Transportation and healthcare are far from the only industries that look like this. The granddaddy of them all is IT itself – demand has been exponentiating on the back of mobile, social, IoT, data science and AI among many other applications – whereas supply (IT budgets) have remained relatively fixed. The only solution – cost per transaction has to plummet – is the economic insight that has led to the rise of the cloud. Technologies like virtualisation, SDx and containerisation have abstracted away the need to know anything about the underlying hardware you are using. You only need some data about what resources you need to perform a given task. And the orchestration of cloud-scale data centres by folks like Google, Microsoft and Amazon has made the utilisation of the underlying hardware much more efficient than any individual company could hope to achieve, commoditizing many hardware business models in its wake. Things – computers, routers, storage drives, switches, racks, coolers – are replaced by many layers of data about things. IT – like healthcare and transportation above – is becoming a service.
There are many further examples. To take a couple from our portfolio, CloudNC is turning things – numerically controlled shop floor machining tools – into data about things – optimal digital tool paths. In this way, more accurate job pricing and routing become routine, and utilisation of the underlying assets increases. How the manufacturing process actually works – using what kinds of machine on which shop-floor – is abstracted away. In another example, PassFort is turning data about consumers and businesses, the products and services they use and are entitled to into data about a trusted digital relationship between these customers and PassFort’s clients. In our increasingly regulated world, you need to understand the entire and ongoing nature and history of your (increasingly virtual) relationship with a customer.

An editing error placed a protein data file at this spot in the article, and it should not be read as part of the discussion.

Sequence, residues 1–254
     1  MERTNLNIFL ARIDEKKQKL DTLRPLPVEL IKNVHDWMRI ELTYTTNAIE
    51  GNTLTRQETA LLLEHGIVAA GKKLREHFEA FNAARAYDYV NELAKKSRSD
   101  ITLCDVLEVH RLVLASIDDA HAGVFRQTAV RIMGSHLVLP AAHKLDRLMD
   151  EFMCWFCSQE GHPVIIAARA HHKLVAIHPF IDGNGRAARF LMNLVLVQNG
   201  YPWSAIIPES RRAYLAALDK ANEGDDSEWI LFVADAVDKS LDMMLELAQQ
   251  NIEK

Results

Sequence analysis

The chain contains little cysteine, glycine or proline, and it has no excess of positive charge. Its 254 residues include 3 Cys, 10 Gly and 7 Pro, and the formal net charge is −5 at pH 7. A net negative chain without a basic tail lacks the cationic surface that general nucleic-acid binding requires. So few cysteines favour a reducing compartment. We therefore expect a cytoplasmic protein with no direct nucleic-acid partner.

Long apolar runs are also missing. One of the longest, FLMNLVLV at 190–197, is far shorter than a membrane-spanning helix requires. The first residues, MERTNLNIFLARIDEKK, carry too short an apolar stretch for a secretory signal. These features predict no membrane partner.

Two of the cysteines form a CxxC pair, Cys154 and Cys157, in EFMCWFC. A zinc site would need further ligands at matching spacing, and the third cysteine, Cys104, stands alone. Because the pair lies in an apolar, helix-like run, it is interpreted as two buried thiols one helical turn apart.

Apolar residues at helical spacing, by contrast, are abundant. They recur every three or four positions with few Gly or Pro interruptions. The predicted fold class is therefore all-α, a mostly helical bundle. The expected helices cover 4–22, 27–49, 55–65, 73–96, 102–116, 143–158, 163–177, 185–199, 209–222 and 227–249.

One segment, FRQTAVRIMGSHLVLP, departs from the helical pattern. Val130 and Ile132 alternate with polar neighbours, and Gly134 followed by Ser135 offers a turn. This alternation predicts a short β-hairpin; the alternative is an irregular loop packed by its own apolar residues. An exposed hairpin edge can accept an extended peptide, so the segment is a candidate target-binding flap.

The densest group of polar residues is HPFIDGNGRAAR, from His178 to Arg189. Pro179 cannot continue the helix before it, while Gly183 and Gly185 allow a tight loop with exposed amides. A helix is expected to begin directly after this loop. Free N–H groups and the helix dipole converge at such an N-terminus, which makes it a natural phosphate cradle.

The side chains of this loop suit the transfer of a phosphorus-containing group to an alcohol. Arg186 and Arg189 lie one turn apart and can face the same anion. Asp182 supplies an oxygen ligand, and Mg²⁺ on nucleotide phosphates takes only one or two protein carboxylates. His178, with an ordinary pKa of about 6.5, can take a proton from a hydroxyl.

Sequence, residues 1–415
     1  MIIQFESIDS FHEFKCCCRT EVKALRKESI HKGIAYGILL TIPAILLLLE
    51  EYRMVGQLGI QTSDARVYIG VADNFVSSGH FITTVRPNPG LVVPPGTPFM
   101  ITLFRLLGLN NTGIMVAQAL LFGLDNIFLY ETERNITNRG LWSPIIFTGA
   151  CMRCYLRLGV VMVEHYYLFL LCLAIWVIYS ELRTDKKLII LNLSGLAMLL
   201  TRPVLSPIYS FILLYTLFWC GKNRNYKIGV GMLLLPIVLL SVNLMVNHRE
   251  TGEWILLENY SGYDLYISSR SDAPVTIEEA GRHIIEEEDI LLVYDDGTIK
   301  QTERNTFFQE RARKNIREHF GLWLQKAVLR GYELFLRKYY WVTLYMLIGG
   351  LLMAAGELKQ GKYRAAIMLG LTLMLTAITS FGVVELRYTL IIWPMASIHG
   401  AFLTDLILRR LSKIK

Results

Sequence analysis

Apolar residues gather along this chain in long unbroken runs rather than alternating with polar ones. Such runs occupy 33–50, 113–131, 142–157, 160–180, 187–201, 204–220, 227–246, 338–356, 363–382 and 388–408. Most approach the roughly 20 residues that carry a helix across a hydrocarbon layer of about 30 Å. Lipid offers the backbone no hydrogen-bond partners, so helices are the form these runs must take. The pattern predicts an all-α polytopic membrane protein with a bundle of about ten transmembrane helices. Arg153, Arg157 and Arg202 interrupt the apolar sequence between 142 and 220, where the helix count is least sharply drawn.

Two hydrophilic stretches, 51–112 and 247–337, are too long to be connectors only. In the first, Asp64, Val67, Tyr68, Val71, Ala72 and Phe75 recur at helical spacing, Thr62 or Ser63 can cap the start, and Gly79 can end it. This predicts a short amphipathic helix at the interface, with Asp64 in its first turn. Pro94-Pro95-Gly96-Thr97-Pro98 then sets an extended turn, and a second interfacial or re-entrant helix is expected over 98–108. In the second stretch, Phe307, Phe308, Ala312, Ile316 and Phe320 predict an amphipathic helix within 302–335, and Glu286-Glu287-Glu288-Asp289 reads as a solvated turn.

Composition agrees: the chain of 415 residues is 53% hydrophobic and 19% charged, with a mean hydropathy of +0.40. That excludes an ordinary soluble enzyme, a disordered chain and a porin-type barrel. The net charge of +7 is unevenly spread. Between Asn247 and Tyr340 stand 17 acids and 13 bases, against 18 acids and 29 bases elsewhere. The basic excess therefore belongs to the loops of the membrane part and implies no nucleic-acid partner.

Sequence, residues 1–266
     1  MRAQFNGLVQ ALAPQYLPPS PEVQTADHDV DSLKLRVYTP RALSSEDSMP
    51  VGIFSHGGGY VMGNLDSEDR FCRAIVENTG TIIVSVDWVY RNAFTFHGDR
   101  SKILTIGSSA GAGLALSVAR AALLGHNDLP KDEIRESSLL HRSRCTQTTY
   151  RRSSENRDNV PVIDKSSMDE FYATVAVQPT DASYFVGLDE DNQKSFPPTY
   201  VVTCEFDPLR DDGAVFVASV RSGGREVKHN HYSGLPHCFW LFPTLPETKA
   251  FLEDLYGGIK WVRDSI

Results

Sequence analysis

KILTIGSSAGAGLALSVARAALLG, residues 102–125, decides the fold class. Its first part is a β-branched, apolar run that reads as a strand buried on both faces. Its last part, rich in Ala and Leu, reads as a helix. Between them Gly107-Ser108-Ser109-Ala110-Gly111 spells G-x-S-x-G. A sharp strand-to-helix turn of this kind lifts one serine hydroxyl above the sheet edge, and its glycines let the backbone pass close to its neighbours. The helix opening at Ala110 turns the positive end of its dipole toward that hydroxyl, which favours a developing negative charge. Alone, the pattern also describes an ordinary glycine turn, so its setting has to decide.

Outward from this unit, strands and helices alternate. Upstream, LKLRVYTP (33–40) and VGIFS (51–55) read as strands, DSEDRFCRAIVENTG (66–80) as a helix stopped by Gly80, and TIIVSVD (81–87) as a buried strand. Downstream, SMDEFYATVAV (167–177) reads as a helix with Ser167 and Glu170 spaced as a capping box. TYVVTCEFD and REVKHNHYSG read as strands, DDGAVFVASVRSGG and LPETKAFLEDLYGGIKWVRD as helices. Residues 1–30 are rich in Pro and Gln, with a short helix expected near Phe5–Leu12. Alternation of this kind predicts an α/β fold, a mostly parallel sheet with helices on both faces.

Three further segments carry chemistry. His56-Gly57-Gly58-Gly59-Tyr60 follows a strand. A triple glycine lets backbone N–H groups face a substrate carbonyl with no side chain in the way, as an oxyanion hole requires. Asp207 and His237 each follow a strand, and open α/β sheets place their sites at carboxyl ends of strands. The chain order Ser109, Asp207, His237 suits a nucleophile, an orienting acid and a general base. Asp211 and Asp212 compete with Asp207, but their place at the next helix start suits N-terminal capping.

This idea of abstracting things into data about things is already transforming many industries, and I’m not sure any industry is immune. For example, we are frequently told that the two most expensive things people own are their house and their car. We are also told that millennials cannot afford – or have little interest in – either. They may well consume both as a service. In the medium to long term those two observations are on a collision course. The consumer wallet is on its way to being transformed into a basket of services, with huge ramifications.
Finding the right data about the right thing, identifying the new digitally defined outcome, building the key technology that will allow you to disrupt a whole industry – this is what the next great wave of technology companies will do. Some of these disruptions are already highly visible – transportation as a service, patient centric healthcare, Cloud – but many are not yet. It’s the diligent work of many a venture capitalist to identify them. And it is simply the most exciting time to be an entrepreneur trying to build a company, because everything (as a service) is on the table.